"Hey, there's nothing wrong with Phil," Shaddix said with a touch of defensiveness. "If you're not willing to take the risks, then you're not going to get anywhere."

While Papa Roach knew they didn't want to write a rap-rock album, they weren't sure what they did want, so they experimented with different styles including punk, power pop and metal and kept whatever worked. This piecemeal approach contributed to the spontaneous feel of the disc.

"The process of writing this record was sort of a discovery," Buckner explained. "It was like an archaeological dig where we were sifting through all this stuff and the songs just manifested themselves."

One element Lovehatetragedy shares with Infest is angst. Loads and loads of angst. But while Shaddix returns to confessional, self-revelatory songwriting, this time he overlooks sour childhood memories in favor of fresher wounds such as relationships woes, touring traumas and suicidal despair. "[i]On this record a series of love/hate relationships I go through every day, whether it's me and myself, me and the band or the band versus the world. We put in everything we got." He pounded his chest with his fist hard enough to leave a bruise, then continued. "It all comes from the heart. There's a lyric on 'Life Is a Bullet' that goes, 'Single me out, tear out my front, make me expose what I conceal.' That's what it's all about. I'm not trying to put up a front. That's why when people ask me, 'Why did you change your name to Jacoby Shaddix?' I'm like, 'Well, because I bear my heart and my soul and that's my real name.' "

Anyone who has spent any time with Infest knows the inside of Shaddix's head can be a dark place. Too much partying, too little sleep, too much time away from loved ones and too many occasions where he's felt like a consumer product has made the vocalist bitter and angry, and as evidenced by his hurling episodes, Shaddix isn't very good at keeping his poisons inside. In "Decompression Period" he sings about the emptiness and desperation of being on the road too long: "Night after night we are falling apart/ Now it's two broken bottles and four empty hearts."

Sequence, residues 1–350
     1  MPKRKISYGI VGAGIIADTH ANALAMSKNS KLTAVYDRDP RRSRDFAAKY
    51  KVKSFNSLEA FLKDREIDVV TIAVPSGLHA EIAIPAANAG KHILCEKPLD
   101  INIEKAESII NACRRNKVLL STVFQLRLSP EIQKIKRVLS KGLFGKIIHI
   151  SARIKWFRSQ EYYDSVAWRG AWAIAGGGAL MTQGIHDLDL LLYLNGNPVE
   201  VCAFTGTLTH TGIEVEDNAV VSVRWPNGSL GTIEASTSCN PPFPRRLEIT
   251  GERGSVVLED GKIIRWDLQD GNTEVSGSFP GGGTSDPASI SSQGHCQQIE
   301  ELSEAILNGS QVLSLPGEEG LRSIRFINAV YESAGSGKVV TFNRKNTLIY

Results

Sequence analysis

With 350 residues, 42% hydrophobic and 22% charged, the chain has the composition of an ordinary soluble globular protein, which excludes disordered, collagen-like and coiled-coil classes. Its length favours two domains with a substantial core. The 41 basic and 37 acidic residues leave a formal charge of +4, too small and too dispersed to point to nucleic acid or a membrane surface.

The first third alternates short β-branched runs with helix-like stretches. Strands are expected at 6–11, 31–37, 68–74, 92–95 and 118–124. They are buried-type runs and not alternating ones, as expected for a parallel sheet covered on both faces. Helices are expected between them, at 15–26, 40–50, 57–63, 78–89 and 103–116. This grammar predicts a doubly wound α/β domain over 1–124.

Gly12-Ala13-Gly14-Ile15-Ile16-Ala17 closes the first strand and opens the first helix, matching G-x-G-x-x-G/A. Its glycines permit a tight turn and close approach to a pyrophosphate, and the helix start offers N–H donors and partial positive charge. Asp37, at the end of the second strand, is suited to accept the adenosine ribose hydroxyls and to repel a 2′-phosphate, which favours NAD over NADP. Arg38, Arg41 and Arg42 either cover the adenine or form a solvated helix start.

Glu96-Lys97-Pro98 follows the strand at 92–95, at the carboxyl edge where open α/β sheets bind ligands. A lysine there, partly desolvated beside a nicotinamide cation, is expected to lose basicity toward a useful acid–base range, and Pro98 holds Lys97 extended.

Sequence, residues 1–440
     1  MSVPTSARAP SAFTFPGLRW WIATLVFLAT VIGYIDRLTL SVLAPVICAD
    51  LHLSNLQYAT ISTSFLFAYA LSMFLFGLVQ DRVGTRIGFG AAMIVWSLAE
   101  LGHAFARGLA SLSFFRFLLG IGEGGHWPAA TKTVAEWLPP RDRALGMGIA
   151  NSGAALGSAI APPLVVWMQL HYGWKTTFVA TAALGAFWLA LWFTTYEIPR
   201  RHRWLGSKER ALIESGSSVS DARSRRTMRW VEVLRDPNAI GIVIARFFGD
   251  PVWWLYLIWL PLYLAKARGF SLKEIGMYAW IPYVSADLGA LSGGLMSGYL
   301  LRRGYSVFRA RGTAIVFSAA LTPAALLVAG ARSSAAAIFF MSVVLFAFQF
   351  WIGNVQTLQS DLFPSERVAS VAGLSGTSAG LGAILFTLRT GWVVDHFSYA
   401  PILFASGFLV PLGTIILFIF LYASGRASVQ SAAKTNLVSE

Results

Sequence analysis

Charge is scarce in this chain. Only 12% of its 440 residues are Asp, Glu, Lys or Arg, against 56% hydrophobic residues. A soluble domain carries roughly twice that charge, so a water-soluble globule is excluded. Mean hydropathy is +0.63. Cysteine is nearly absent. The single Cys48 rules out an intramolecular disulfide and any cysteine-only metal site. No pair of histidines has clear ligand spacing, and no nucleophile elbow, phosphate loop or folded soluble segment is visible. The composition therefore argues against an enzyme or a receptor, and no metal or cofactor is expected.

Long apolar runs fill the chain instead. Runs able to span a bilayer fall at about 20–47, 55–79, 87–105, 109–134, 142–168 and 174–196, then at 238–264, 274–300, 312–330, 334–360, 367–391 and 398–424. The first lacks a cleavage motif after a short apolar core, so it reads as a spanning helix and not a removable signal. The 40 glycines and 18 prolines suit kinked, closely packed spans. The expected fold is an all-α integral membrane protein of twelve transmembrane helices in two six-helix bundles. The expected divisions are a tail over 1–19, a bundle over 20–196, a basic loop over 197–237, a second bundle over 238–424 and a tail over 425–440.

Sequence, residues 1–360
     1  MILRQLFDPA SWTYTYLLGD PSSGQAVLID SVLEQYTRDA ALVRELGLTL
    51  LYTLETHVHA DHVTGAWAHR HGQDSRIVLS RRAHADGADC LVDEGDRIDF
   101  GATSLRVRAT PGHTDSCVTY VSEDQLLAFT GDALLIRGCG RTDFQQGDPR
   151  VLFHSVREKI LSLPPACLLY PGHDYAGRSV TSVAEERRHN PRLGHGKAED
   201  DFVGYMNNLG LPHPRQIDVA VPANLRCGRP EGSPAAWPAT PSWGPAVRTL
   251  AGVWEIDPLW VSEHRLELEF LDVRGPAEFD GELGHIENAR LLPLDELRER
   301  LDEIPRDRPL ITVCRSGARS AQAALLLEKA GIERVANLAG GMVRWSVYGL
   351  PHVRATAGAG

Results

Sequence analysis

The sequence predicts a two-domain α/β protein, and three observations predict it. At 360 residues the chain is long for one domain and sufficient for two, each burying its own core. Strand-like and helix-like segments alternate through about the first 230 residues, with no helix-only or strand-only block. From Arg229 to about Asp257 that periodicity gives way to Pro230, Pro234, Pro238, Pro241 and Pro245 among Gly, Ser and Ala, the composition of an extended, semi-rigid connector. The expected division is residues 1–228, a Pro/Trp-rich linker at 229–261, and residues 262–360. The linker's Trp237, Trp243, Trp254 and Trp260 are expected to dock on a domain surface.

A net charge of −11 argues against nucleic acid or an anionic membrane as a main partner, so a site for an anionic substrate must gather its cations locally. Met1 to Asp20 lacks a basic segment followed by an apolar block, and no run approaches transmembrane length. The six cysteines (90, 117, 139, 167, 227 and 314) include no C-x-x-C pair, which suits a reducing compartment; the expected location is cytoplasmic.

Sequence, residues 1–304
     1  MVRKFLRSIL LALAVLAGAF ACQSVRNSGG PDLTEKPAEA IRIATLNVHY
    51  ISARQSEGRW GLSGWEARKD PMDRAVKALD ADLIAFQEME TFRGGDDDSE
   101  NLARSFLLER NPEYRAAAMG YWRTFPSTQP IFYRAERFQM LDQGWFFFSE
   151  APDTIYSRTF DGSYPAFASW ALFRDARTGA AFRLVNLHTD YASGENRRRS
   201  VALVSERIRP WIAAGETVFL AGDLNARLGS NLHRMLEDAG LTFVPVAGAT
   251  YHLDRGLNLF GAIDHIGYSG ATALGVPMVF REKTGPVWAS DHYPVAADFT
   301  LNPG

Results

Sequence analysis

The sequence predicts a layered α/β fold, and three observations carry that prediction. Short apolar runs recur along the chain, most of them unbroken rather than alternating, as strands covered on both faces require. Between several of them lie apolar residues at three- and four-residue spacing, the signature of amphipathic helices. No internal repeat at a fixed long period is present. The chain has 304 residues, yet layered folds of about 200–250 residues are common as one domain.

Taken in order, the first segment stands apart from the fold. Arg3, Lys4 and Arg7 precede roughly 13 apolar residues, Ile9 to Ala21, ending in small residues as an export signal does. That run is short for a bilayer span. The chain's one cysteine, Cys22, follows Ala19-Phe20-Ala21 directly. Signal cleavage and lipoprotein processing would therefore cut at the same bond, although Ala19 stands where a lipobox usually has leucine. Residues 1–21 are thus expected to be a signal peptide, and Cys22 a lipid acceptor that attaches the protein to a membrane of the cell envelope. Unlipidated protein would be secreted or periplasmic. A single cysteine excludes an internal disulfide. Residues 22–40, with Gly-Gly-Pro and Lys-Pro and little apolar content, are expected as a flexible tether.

One of the bleakest songs on Lovehatetragedy is "Black Clouds," which was written about a European tour that Shaddix barely survived. Feeling misunderstood, overwhelmed and emotionally bankrupt, he wrote, "My emotions are storming, and tears fall like rain/ Pain strikes like lightning/ Despair is becoming my friend/ I'm pushing myself to a point of self-destruction."

"It's about being confused and having black clouds following me," Shaddix said. "I'm looking for something good and I can't find it. It was probably about the darkest period of my life, ever. The only time I liked my life was when I was on that stage. Everything else I was just completely sick of."

Sometimes Shaddix reveals almost too much in his lyrics, making the listener feel like an eavesdropper at an intense counseling session. Several tracks on Lovehatetragedy address the singer's marital problems, including the first single, "She Loves Me Not," in which Shaddix returns to his earlier rapping style for the verse: "I hesitate to tell her I hate this relationship/ I want out today, this is over/ Line for line, rhyme for rhyme/ Sometimes we be fighting all the g--damn time."

"It's funny because 'She Loves Me Not' and 'Time and Time Again' are both about my relationship with my wife, [Kelly], and those are two of her favorite songs on the record," Shaddix said. "Being in a band and being a rock star, I gotta put a lot of energy and emotion into what I do. I'm always gone and I'm always on the road, and that's really hard on a relationship. So we fight, and I know I can be a di--. But as much as I'm a di--, I'm also a nice guy. I really recognize the duality in my life and in the world in general. It's like, you got the good, the evil, the love, the hate, the nice guy and the di--head. It's sad sometimes that I am a di-- to my lady, but sometimes she's a bitch to me."

Shaddix knows he's a loose cannon. He understands he's got anger and self-esteem issues to work on and relationship damage to repair. That doesn't mean he's gonna suddenly turn emo, but at least he's aware of his problems. Fortunately even in his bleakest moments there's always a hint of hope. While he's palpably despondent when he croons, "Black clouds, they rain down," he ends the line by noting, "But they won't kill the sun." And though he sings about his fractured relationship with his wife, the couple had their first child together, Makaile Cielo Shaddix, earlier this year, which suggests they're optimistic enough about their future.